print ('epoch_num: %d batch_num: %d Decoder_Train_loss_3_equal_state: %f\n' % (j,batch,train_3))
    #myfile.write('epoch_num: %d batch_num: %d Decoder_Train_loss_2_equal_state: %f\n' % (j,batch,train_2))
    #myfile.write('epoch_num: %d batch_num: %d Decoder_Train_loss_3_equal_state: %f\n' % (j,batch,train_3))
elif loss_2 == loss_3:
    train_2 = autoencoder_2.train_on_batch(batch_train_X,batch_train_Y)
    myfile_ae2_loss.write("%f \n" % (train_2))
    print ('epoch_num: %d batch_num: %d AE_Train_loss_2_equal_state: %f\n' % (j,batch,train_2))
    #myfile.write('epoch_num: %d batch_num: %d AE_Train_loss_2_equal_state: %f\n' % (j,batch,train_2))
    for layer in autoencoder_1.layers[:34]:
        layer.trainable = False
    for layer in autoencoder_3.layers[:34]:
        layer.trainable = False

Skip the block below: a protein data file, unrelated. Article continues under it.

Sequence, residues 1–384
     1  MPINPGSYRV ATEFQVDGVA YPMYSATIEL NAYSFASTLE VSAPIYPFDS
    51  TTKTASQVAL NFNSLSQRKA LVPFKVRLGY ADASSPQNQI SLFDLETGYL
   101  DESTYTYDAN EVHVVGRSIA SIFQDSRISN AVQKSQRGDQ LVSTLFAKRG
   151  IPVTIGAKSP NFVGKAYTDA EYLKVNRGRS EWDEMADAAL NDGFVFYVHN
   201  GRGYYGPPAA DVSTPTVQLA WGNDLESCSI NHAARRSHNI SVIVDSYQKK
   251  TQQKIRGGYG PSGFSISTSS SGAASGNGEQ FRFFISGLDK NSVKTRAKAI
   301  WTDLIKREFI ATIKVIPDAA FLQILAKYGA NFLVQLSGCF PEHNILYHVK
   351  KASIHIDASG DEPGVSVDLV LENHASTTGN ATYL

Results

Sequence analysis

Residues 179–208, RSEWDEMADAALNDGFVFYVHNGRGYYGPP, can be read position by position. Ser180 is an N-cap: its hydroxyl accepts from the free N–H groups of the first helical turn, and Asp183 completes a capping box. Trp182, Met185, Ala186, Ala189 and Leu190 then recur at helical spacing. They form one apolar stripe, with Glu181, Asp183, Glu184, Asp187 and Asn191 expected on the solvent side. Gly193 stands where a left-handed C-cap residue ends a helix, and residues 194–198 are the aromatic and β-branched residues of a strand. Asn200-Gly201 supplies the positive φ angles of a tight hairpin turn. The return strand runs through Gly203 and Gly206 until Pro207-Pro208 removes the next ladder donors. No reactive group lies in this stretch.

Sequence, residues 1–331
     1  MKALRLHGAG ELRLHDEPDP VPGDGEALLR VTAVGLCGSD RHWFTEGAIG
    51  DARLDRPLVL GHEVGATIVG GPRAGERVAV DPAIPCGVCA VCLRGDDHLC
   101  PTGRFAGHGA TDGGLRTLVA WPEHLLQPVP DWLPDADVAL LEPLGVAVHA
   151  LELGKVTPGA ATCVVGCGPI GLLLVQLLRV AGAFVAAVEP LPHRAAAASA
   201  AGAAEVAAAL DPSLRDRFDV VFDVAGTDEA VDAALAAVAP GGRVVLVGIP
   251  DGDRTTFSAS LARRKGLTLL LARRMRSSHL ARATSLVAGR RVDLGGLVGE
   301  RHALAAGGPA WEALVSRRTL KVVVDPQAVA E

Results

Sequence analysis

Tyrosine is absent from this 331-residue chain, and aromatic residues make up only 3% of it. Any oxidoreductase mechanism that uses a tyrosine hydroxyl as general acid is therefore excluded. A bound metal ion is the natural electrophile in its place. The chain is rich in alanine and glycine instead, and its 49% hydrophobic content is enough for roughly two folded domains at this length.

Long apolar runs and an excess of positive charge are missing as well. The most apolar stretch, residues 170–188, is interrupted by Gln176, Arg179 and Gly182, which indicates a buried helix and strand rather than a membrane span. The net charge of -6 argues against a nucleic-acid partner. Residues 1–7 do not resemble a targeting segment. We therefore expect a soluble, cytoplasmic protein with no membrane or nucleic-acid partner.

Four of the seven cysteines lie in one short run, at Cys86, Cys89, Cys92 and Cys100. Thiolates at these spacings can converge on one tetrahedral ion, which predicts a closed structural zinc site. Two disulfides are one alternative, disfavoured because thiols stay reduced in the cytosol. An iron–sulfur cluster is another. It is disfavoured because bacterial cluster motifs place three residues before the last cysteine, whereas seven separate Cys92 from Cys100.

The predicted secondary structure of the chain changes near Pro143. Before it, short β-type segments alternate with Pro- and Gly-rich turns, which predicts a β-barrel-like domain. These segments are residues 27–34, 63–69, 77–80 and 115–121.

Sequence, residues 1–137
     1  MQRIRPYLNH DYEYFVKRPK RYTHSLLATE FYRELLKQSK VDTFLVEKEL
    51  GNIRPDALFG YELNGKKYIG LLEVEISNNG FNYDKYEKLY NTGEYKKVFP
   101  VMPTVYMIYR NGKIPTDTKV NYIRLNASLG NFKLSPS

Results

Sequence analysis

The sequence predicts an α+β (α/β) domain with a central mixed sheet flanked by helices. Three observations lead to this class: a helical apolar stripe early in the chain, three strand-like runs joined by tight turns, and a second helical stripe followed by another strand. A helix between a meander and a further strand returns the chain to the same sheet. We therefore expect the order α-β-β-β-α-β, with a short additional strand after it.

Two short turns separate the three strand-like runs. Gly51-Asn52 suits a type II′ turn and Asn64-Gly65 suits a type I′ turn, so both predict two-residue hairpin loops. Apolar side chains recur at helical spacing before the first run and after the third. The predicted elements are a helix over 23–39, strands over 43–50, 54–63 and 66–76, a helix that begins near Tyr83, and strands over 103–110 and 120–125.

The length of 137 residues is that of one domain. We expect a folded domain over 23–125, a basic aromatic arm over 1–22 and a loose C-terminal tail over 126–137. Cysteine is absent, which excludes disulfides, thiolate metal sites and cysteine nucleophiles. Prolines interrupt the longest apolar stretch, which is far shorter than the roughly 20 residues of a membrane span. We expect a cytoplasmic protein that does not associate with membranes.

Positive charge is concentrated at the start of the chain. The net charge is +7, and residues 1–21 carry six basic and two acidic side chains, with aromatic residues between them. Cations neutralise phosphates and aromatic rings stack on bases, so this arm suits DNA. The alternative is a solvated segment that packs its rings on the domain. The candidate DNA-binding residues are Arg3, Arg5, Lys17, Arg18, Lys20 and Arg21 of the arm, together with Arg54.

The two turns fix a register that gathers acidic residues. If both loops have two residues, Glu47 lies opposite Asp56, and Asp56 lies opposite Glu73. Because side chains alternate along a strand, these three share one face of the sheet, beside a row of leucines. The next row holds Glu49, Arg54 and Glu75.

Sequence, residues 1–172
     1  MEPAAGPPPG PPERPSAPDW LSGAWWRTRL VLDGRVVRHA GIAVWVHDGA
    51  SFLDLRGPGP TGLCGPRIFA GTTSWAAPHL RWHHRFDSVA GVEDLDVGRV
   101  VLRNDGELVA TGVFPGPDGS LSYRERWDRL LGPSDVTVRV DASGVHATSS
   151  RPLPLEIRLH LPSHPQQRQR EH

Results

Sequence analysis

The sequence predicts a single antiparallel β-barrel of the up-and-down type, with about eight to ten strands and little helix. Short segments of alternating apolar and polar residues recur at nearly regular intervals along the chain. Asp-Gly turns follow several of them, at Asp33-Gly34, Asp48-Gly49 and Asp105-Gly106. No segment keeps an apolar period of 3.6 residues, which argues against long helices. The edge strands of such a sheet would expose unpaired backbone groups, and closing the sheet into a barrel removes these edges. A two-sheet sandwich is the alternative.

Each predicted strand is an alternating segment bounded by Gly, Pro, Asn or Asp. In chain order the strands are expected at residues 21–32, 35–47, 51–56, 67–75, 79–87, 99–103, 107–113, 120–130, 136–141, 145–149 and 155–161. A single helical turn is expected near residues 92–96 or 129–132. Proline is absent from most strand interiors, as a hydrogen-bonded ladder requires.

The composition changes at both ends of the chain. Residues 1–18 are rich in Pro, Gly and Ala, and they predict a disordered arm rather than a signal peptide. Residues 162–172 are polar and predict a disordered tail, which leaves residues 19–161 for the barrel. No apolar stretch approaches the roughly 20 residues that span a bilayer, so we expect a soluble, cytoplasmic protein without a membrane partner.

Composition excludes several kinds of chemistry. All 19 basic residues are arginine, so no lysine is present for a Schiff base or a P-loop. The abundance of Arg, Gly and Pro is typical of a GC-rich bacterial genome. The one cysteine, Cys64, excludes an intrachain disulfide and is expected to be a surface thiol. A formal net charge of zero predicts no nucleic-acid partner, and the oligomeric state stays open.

#autoencoder_2.summary()
    #autoencoder_3.summary()
    train_1 = autoencoder_1.train_on_batch(batch_train_X,batch_train_Y)
    train_3 = autoencoder_3.train_on_batch(batch_train_X,batch_train_Y)
    myfile_dec1_loss.write("%f \n" % (train_1))
    myfile_dec3_loss.write("%f \n" % (train_3))
    print ('epoch_num: %d batch_num: %d Decoder_Train_loss_1_equal_state: %f\n' % (j,batch,train_1))
    print ('epoch_num: %d batch_num: %d Decoder_Train_loss_3_equal_state: %f\n' % (j,batch,train_3))
    #myfile.write('epoch_num: %d batch_num: %d Decoder_Train_loss_1_equal_state: %f\n' % (j,batch,train_1))
    #myfile.write('epoch_num: %d batch_num: %d Decoder_Train_loss_3_equal_state: %f\n' % (j,batch,train_3))
elif loss_3 == loss_1:
    train_1 = autoencoder_1.train_on_batch(batch_train_X,batch_train_Y)
    myfile_ae1_loss.write("%f \n" % (train_1))
    print ('epoch_num: %d batch_num: %d AE_Train_loss_1_equal_state: %f\n' % (j,batch,train_1))